Falling, Back into the saddle…

The wind was blowing hard as we took off through the woods. Trees bent and snapped, saplings littered the trail. The horses were spooky and on high alert. On an open stretch I let Night go, she scrambled, sure-footed over the roots and rocks, gaining speed and covering the ground between Lauren and Blessing ahead of us. A small tree had come down across the trail. Night gauged her distance then darted left to take the higher point of the jump. In that split second, I was dislodged and lost my balance.

In slow motion, I struggled to stay upright, then gave in to gravity, thinking clearly the whole time about how to take this fall with the least amount of damage. As she landed, and relaunched into her stride, I slipped below, curling my limbs around my torso into a tight ball. The small of my back took the impact of the ground. A hind hoof grazed my head and I looked up to see her scrambling to avoid me, muddy feet raised. The second hoof sounded like a shot-gun blast on my helmet, spinning my face toward the dirt. Then it was quiet. I heard Lauren calling, hoof beats retreating down the path.

“Stay very still. Count to ten. Wiggle fingers. Unfold legs, Lie prone for one minute more.” Slowly I rolled  onto my knees, there were aftershocks as my back spasmed, but I was not broken. My right ear rang from the blow to my head. Night galloped back down the trail and stood looking at me. When I approached, she snorted and bolted out of sight. Moments later she was back, shaken but docile enough for me to stroke her neck and take hold of her bridle.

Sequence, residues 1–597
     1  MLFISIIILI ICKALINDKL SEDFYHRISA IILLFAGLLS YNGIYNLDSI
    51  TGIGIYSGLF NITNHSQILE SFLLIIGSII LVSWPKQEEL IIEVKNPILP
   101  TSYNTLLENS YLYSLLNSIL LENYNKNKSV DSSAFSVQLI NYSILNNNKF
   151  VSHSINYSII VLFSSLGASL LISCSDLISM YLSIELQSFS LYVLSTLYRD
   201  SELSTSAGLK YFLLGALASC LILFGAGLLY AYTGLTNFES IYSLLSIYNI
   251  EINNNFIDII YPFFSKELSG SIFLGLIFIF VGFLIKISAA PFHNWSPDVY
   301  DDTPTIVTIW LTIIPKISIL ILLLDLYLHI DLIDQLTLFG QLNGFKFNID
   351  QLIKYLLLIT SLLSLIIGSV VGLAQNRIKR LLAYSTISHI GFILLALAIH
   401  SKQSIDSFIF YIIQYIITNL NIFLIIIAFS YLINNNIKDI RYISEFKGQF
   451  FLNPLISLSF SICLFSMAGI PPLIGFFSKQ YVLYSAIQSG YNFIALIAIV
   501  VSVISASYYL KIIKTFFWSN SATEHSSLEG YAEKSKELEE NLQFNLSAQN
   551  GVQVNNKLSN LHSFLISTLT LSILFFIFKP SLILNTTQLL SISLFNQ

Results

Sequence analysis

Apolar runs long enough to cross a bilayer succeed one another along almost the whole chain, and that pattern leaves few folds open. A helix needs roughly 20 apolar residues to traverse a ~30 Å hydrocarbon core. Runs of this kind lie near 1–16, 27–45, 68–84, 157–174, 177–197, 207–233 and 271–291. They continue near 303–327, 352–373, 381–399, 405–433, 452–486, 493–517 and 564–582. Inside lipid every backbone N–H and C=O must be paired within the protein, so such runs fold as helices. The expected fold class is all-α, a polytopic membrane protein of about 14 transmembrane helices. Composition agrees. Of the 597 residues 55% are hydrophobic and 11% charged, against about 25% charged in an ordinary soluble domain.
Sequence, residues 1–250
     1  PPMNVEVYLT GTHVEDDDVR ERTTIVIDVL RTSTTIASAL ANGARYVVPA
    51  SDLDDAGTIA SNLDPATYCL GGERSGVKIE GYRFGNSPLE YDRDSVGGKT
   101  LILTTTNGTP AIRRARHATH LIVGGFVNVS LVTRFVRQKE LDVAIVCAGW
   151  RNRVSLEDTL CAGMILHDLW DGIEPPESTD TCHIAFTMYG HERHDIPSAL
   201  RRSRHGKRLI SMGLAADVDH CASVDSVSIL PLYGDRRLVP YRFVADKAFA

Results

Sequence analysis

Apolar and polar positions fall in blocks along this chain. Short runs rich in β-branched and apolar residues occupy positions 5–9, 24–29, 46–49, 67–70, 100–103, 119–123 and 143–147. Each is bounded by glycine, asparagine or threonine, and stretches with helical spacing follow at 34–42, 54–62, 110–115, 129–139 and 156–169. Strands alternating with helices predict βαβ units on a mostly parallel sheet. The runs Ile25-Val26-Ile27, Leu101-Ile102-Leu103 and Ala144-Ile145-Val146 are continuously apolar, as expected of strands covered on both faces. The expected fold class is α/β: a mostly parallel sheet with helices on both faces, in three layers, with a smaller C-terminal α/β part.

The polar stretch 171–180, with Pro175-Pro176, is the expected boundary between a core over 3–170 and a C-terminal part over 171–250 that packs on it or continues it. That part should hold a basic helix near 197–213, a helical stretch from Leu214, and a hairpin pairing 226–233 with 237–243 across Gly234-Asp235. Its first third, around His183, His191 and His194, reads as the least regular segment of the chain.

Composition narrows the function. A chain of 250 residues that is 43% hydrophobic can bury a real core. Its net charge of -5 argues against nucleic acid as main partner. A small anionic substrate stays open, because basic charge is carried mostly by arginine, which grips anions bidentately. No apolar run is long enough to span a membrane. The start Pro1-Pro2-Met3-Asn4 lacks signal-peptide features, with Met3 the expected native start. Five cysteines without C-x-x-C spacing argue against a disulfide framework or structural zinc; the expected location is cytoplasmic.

Falling is always a risk. Back at the barn, I removed my helmet and looked at the muddy hoof print. Without it, I fear I would not be writing this now. Life is about taking risks after all, but the stark reality of who would have the thankless task of caring for a drooling, shadow of who I am, causes me to think twice about putting myself in harms’ way…

A good, stout Charles Owen Helmet is worth every penny….


16 thoughts on “Falling, Back into the saddle…

  1. Actually gasped when I realized you were writing about more than just a lovely romp in the woods. Are you okay?!?!

    I took riding lessons for a year and a half a few years ago and while, thankfully, I never fell it was my greatest fear.

    SO hoping you are nothing more than just shaken as a result of your fall!

  2. I gasped as well, when I read it… right on the Metro, got some interested and concerned looks…I hope you are ok… might be a bit sore today, yes? Thank GOD for your sense in wearing a helmet. I assume you got back on and rode back to the barn? Equally glad you were with someone else. Big hug. Hot Bath, Glass of wine and the fireplace….. Dr’s Orders….

    • Thank you Dr. Doppleganger! It was totally operator error and I probably needed the wake up call to pay attention more often. I tend to trust my little mare to take care of me, wasn’t her fault, just one of those things. Sore? Very, I don’t bounce well over rocks and roots at this age…

      • I had that happen myself, but I was literally by myself.. woke up on the ground, alone, no horse, just sore and glad for my helmet! Vowed never to trail ride alone again… as much as I might want to…

    • Stepped on by a cow sounds like a really intriguing blog post! The thing with kicks is, the closer you are the less it hurts. I guess boxing must be like that too. If they have a chance to really haul back and put some muscle into it, it’s going to hurt.

  3. What a drama! I’m with you on the riding of anything without the appropriate gear. Motorcycle helmets are mandatory here but I still see people in summer riding in shorts and t-shirts. Madness. I’m glad you are ok apart from a few bruises. From my experience of motorcycle accidents the falling always happens in super slow motion with a million thoughts tumbling at the same time you do.

  4. Pingback: The Lesson… | Therapeutic Misadventures

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